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City celebrates trees in low-key Whitmore Park event
Cambria and Tracy
Cambria Pollinger and Traci Farris of the city of Ceres Recreation Department organized Wednesdays Arbor Day celebration at Whitmore Park. - photo by JEFF BENZIGER/Courier photo

City employees mingled with members of the Ceres Garden Club Wednesday for a low-key celebration of Arbor Day at Whitmore Park.

The city broke with the tradition of hosting the 24th annual celebration of trees at school sites to plant three red maples in the downtown park. It marked the 24th time the title of Tree City USA was bestowed on Ceres by the Arbor Day Foundation.

Cambria Pollinger, the city of Ceres Recreation supervisor, explained how the city is planning to build a small-scale nature-based children's play area in Whitmore Park using all natural materials.

"We also want to work with the schools and community members to do a community garden," said Pollinger.

This fall, the city wants to offer local kids on a nature and survival skills program at the lower terrace of Ceres River Bluff Regional Park.

Ceres Mayor Chris Vierra read a proclamation declaring May 24 as Arbor Day in Ceres, and highlighting how trees add significantly to a community, in terms of public wellness and a reduction in cooling costs.

Ceres Garden Club Vice President Ted Hawkins spoke and said trees not only beautify neighbors but clear tons of carbon dioxide while producing oxygen.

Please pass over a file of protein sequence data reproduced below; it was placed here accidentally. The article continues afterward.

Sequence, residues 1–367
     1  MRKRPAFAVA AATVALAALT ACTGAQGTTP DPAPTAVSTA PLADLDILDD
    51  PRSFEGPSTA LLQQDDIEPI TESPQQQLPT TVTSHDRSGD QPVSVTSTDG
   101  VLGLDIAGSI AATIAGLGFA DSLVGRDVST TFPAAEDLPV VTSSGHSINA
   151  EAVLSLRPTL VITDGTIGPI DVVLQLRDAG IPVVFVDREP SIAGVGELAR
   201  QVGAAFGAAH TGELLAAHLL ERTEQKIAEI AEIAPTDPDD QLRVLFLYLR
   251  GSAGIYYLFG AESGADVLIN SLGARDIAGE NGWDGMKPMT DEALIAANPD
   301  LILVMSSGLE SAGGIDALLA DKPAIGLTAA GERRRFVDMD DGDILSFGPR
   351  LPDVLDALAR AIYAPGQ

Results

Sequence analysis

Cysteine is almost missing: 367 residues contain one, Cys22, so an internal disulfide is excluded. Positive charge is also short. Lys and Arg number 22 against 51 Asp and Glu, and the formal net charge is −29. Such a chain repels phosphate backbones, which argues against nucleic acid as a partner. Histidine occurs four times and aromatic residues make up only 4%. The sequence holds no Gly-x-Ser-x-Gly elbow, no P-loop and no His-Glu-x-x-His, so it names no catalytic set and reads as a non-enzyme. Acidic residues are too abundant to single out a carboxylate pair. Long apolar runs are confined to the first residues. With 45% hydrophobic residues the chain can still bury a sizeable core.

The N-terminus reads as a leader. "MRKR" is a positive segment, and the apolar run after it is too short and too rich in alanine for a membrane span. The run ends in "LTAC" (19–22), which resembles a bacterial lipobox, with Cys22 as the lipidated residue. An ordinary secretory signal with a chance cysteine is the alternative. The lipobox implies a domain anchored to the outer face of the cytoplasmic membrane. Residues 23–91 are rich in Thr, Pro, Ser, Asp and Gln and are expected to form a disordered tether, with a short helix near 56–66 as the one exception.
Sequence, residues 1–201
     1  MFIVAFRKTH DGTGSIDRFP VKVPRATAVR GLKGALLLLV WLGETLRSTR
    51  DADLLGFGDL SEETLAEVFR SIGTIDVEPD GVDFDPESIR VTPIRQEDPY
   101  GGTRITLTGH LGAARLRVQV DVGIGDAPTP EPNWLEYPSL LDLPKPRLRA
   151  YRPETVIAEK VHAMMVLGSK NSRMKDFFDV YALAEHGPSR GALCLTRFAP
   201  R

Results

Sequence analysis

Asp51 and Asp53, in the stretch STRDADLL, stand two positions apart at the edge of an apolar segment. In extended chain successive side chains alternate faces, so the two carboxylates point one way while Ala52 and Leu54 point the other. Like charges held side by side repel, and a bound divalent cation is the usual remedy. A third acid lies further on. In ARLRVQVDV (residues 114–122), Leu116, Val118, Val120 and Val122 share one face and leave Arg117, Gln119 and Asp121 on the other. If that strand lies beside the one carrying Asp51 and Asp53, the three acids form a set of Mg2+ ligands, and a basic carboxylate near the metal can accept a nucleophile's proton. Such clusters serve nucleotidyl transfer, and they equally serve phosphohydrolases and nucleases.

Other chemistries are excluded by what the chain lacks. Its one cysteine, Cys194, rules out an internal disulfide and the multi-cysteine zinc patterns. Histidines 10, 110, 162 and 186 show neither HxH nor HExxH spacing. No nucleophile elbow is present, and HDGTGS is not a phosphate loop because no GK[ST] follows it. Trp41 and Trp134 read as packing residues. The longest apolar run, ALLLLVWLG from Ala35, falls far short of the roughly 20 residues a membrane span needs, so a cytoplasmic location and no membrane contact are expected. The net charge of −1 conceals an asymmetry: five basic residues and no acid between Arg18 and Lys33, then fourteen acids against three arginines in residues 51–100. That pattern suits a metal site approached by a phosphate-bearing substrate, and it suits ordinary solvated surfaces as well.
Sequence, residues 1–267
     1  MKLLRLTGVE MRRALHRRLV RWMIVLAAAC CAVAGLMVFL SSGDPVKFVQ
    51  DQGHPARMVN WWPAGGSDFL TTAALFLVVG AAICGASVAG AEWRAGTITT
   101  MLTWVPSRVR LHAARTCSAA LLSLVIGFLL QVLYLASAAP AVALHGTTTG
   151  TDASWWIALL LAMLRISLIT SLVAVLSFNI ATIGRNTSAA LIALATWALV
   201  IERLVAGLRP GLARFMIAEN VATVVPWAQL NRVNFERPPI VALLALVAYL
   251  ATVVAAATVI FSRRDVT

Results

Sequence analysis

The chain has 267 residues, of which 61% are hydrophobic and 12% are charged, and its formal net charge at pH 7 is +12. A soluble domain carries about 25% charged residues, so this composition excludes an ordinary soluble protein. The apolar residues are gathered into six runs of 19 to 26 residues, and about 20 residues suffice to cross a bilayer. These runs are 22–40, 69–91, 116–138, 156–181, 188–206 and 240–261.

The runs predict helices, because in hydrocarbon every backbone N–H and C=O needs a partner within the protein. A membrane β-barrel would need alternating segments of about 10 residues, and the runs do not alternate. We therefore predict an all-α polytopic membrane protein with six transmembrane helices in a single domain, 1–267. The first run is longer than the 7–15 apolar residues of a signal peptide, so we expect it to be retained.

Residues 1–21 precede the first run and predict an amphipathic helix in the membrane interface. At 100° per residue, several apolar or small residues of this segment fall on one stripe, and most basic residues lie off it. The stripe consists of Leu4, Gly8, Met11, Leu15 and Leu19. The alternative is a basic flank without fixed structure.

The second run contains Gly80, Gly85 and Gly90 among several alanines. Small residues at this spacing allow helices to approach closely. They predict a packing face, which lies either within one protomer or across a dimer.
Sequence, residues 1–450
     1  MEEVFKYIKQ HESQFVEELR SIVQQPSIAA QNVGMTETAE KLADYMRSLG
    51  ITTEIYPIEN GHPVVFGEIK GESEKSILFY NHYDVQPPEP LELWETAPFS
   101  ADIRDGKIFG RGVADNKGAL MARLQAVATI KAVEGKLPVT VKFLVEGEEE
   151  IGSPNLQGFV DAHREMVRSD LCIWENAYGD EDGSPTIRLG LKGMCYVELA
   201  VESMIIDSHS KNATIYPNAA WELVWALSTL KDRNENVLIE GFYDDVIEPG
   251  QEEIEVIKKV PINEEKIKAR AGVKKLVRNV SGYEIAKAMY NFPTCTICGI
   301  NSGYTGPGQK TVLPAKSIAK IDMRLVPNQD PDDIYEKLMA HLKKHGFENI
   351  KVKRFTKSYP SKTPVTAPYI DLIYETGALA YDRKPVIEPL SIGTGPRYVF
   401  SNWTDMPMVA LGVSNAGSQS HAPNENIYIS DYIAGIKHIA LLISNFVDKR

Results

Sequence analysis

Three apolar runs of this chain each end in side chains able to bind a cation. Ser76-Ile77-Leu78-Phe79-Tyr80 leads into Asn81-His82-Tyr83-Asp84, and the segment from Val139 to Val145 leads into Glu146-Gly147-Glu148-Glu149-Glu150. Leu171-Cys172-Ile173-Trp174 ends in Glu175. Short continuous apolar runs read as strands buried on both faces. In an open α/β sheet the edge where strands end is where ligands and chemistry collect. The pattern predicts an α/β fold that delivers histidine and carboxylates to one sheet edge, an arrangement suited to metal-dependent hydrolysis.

Club president Berni Hendrix said nationally six million street trees have a value of $525 according to Management Information Services. She said a Texas A&M lab experiment noted that visual exposure to settings with trees has produced significant recovery from stress within five minutes. The study noted changes in blood pressure and muscle tension.

Trees, she said, can improve economic development of a town. And according to the USDA, mature and healthy trees add 10 percent to property value.

"There are about 60 to 200 million spaces along our city streets nationally where trees could be planted," said Hendrix. "This translates to a potential absorbing 33 million more tons of CO2 every year, resulting in a savings of $4 billion in energy costs, and that's according to the National Wildlife Federation."

Vierra said the city takes care of 15,000 street trees and park trees.

Ceres has met the four points of criteria to be dubbed Tree City USA:

• Have a tree board or department that plants and maintains trees;

• Host an annual Arbor Day observance;

• Adopt and enforce a tree care ordinance;

• Budget a program that allocates at least $2 per resident for the care of city trees.

Vierra told students that trees help cleanse the air by intercepting airborne particles, reducing heat, and absorbing such pollutants as carbon monoxide, sulfur dioxide, and nitrogen dioxide. Trees remove this air pollution by lowering air temperature, through respiration, and by retaining particulates. She also noted that some drugs and clothing come from tree products.

During the first Arbor Day observance in 1872, a million trees were planted in Nebraska.